Like

    • Find “Passover Remembered” via the link below, about two-thirds down. Click your Edit function and then Find, type in the the poem, click until the third click shows you the actual poem. A few lines to echo your own sensitive thoughts following the link, MaryAnn . . . http://philadelphiaordinations.blogspot.com/

      . . . Do not hesitate to leave
      your old ways behind—
      fear, silence, submission.

      Only surrender to the need
      of the time—to love
      justice and walk humbly
      with your God. . . .

      You will learn to eat new food
      and find refuge in new places.
      I will give you dreams in the desert
      to guide you safely home to that place
      you have not yet seen.

      The stories you tell
      one another around your fires
      in the dark will make you
      strong and wise. . . .

      I will give you dreams in the desert
      to guide you safely home to that place
      you have not yet seen.

      The stories you tell
      one another around your fires
      in the dark will make you
      strong and wise. . . .

      Sing songs as you go,
      and hold close together. . . .

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  5. In the Mormon faith, one of the former leaders of our church President Gordon B. Hinckley, when asked by a reporter if the policy excluding women from priesthood ordination could be changed, said, “Yes. But there’s no agitation for that.” We at OrdainWomen.org are responding to that challenge, just as our Roman Catholic sisters at the Women’s Ordination Conference are answering Pope Francis’s call, “Quiero lio … ” Thanks for your thoughtful post, Renee.

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    • I admire holy agitators. You are so dear to God’s Heart when you raise your voices in truth and demand positive change for the greater good. I’ll be praying for your sustained strength as you push onward for wholeness in your tradition . . . As it says in my “Thirty-one Commandments or Flavors of Grace” [see my Books blog under “Wisdom and Wonderment,” 1993:]
      http://allabozarthbooks.blogspot.com/
      ~sometimes we have to “raise hell, for heaven’s sake.”

      Like

    • Lorie, here is a link to excellent work done by Laurel Thatcher Ulrich: “Mormon Women in the History of Second Wave Feminism.” http://www.dialoguejournal.com/wp-content/uploads/sbi/articles/Dialogue_V43N02_53_2.pdf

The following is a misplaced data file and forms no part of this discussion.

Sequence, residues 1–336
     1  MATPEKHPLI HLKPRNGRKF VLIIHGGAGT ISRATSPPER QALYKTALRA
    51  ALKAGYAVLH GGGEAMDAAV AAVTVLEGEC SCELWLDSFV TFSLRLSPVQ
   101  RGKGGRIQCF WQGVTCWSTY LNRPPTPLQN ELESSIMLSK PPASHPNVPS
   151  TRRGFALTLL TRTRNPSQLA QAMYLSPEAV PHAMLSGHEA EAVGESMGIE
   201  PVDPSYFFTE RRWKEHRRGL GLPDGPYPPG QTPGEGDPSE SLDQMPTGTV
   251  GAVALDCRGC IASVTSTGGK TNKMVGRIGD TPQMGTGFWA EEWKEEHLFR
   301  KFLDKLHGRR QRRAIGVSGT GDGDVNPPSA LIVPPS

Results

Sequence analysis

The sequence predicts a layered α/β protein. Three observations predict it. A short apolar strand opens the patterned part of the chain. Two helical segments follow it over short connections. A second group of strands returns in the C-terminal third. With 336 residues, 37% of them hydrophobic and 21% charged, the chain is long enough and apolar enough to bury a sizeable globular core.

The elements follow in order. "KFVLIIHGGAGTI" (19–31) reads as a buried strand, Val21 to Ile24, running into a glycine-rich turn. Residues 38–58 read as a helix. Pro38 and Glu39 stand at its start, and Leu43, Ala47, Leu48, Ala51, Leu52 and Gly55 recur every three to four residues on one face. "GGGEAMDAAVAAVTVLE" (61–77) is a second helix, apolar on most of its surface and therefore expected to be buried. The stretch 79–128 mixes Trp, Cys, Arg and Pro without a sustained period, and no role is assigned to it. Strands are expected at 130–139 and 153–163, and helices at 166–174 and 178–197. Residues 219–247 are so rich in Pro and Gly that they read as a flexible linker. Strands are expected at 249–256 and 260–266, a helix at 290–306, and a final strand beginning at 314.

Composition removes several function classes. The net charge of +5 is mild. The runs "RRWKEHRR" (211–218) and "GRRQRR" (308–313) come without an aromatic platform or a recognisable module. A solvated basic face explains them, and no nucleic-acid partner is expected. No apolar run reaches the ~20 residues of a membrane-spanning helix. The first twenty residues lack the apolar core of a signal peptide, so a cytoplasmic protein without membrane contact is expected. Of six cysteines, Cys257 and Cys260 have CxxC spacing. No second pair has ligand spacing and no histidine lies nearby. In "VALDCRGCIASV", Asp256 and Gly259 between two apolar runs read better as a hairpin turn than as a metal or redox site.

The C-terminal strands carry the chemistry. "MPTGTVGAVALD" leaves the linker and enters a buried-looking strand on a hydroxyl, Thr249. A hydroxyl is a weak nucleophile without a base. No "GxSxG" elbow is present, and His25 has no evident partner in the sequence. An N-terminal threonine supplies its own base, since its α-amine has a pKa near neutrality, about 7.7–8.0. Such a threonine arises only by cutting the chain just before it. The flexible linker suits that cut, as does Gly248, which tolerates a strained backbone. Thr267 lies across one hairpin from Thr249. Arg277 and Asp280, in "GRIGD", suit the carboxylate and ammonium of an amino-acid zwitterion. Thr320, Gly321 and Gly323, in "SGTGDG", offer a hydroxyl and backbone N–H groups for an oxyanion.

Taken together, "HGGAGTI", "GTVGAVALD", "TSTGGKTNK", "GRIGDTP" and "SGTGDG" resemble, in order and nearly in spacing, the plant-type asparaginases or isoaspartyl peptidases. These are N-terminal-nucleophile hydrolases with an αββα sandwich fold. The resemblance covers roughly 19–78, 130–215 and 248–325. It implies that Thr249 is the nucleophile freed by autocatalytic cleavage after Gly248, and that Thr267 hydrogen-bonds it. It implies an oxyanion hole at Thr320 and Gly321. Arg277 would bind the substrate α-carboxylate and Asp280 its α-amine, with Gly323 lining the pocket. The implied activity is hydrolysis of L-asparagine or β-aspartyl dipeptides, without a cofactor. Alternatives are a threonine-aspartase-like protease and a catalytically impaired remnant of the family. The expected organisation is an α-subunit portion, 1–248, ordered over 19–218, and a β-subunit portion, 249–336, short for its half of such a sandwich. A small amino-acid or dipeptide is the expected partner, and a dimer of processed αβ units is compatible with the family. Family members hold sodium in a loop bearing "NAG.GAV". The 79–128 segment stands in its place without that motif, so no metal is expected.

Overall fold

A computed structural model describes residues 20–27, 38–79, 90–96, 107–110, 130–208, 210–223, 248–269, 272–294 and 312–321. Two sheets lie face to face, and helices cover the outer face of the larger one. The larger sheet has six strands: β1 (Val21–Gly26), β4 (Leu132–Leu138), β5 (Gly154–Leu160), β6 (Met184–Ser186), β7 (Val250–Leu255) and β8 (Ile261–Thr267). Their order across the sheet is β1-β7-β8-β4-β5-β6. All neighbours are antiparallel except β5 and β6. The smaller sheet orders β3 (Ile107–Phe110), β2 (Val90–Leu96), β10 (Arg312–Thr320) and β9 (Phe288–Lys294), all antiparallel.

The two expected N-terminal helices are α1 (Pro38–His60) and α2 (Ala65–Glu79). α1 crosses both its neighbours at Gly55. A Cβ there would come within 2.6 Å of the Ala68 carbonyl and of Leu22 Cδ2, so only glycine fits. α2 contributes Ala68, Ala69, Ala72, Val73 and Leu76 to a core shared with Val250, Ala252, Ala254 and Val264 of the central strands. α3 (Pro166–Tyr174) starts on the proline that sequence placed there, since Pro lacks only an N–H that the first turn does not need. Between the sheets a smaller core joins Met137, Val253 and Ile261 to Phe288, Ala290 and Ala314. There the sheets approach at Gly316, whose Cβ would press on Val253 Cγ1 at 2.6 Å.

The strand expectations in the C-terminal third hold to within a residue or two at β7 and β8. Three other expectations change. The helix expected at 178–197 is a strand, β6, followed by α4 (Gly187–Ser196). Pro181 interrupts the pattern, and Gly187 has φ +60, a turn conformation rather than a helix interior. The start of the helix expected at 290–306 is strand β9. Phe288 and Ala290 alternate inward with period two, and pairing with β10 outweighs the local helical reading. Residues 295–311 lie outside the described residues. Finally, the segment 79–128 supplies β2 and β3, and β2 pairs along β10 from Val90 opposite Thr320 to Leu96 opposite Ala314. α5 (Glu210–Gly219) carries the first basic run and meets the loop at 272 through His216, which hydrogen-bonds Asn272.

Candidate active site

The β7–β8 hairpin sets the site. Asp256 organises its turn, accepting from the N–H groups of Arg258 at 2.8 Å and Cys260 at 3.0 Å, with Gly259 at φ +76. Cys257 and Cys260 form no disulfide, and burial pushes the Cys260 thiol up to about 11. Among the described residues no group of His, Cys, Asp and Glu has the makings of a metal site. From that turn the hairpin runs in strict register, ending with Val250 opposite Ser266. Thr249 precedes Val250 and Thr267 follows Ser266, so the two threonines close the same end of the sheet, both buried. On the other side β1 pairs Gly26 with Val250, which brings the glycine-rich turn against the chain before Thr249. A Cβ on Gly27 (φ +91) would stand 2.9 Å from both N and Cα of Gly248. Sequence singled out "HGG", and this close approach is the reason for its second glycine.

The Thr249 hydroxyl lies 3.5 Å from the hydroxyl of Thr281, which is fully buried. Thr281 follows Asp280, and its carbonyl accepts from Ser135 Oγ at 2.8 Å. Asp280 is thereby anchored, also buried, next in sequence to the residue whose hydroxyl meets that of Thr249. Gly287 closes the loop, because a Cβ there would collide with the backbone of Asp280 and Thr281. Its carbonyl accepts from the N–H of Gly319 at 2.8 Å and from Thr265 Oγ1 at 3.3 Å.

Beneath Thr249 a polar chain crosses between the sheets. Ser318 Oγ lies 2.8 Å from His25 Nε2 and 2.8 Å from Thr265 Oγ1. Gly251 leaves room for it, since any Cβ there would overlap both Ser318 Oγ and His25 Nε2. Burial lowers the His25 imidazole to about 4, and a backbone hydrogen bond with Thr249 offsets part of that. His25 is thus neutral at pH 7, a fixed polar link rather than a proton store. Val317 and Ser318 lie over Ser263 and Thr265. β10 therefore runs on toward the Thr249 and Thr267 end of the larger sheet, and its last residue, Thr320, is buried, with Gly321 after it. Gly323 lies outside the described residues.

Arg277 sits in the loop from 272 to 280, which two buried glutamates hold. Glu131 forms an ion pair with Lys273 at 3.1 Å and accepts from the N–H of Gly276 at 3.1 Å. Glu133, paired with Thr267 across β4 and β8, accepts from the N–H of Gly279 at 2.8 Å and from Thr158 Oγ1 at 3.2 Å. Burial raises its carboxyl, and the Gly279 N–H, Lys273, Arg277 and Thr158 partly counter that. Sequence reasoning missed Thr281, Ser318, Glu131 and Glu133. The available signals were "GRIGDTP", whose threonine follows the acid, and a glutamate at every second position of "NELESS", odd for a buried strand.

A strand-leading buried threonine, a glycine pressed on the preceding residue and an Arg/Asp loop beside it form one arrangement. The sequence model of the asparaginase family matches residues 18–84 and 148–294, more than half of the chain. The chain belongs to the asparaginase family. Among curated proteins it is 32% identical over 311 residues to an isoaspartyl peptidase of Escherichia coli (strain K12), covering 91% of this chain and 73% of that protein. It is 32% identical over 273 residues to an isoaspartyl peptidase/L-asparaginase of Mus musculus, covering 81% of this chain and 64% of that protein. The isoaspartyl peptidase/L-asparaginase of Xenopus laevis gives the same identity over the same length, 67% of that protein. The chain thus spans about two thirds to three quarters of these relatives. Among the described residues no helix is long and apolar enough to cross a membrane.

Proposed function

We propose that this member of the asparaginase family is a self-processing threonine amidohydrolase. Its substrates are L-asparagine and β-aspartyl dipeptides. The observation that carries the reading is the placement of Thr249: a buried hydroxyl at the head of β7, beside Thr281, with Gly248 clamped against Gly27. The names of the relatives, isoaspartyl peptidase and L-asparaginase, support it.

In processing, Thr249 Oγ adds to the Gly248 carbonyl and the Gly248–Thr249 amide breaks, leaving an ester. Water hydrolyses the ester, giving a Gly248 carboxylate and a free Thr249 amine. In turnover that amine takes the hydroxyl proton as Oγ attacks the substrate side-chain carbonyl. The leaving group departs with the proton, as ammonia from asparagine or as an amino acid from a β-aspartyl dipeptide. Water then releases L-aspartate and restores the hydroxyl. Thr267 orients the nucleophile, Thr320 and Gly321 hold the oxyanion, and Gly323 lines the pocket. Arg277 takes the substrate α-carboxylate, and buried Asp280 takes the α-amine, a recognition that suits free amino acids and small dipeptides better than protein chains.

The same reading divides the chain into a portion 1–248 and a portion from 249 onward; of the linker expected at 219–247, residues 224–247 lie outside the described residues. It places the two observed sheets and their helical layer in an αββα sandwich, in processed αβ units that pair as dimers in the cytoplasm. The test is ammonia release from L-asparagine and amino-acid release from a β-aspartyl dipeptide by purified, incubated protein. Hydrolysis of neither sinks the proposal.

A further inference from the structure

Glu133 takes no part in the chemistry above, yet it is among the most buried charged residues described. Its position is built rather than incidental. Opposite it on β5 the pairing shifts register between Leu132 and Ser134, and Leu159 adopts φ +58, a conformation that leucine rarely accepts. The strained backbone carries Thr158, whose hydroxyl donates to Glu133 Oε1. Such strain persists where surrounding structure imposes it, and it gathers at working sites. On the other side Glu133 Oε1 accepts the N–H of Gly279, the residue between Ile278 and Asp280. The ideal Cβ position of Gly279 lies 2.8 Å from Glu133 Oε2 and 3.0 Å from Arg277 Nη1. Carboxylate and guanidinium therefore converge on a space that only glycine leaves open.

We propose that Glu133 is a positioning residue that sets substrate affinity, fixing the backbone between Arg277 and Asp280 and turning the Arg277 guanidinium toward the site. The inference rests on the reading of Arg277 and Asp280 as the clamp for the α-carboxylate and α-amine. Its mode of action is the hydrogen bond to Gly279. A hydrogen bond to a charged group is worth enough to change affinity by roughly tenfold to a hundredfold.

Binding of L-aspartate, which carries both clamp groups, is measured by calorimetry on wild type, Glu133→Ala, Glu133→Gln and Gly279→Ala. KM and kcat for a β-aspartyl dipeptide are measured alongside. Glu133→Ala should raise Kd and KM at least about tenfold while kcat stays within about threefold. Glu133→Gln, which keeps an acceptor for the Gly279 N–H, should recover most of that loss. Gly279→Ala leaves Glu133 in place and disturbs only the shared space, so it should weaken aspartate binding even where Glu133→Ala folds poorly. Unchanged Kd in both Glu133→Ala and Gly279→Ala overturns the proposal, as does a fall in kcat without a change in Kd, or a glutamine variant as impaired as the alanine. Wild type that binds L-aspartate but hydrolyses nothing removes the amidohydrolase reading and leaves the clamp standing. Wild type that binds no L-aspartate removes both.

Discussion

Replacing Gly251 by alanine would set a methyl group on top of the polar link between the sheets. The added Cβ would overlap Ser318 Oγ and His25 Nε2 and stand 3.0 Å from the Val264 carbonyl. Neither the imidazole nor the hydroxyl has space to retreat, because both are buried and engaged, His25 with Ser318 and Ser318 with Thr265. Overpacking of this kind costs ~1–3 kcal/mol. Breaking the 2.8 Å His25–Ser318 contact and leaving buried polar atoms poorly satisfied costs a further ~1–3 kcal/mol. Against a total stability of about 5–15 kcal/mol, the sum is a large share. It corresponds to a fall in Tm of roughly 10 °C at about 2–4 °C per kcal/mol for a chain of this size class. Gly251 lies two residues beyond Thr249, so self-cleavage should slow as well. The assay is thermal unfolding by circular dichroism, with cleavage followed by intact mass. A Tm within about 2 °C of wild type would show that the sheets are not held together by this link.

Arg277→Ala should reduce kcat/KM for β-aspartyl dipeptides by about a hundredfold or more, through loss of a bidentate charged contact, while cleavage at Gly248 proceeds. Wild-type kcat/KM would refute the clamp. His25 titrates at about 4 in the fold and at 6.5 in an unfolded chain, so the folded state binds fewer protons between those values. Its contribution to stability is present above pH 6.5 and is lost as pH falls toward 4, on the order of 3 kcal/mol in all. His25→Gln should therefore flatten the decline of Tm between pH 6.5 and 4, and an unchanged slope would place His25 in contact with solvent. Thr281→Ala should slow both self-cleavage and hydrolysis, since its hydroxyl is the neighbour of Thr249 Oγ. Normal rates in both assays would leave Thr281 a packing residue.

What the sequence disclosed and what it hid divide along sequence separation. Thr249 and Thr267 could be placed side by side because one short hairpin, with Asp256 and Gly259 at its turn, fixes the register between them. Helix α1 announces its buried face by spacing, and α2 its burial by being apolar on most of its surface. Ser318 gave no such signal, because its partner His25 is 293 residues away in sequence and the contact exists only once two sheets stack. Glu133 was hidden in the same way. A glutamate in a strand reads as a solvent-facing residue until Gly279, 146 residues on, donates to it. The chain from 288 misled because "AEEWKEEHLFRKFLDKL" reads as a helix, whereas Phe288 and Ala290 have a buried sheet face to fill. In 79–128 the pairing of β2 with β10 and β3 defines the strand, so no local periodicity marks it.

I have been remembering the heroic work for the ERA of Mormon feminist activist and writer Sonia Johnson in the late seventies. She is a prolific writer of radical books still available: “From Housewife to Heretic,” “Telling the Truth,” “Going Out of Our Minds: The Metaphysics of Liberation,” and others. I also recommend the work of playwright/poet/philosopher Carol Lynn Pearson’s fine work in the arts as a Mormon feminist and great woman of Spirit. She hasn’t stopped her feminist productivity since the seventies. Her latest book is called “The Hero’s Journey of the Gay and Lesbian Mormon.”
      http://www.clpearson.com/

      Be inspired and encouraged in your own spirit, which can never be bound by any external system or institution.

      Like

  6. Beautiful, lyrical words, Alla Renee. You have great soul, energy and courage. Carry on!!!!

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  7. Alla, You are am amazing person, and I am totally honored to have heard your story!! Thank you for all you’ve done in the world.

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  8. Making trouble in a loving, even exuberant way has been the hallmark of Alla, a national treasure. Her latest poem emphasizes the positive about Pope Francis, who may yet surprise us by curbing the dreadful power of the Curia. I look to the nuns rather than the priests to save the RC’s from their medieval horror chamber, with its rejection of the spiritual wisdom and power of women.

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    • Amen to that, Fred. Your own witness as a relentless activist for justice as the decades fly by remains a constant inspiration that, as Barbara Harris still says, A Luta Continua~ the Struggle Continues, and in fact, it’s something to live for. I know you will speak out and write about matters of injustice on all levels of human experience, including our treatment of Mother Earth, until your very last breath. You are a blessing, dear Brother.

      Like

  9. Wonderful poems! I know you’ll keep writing and keep struggling. Strength, grace and thanks!

    Like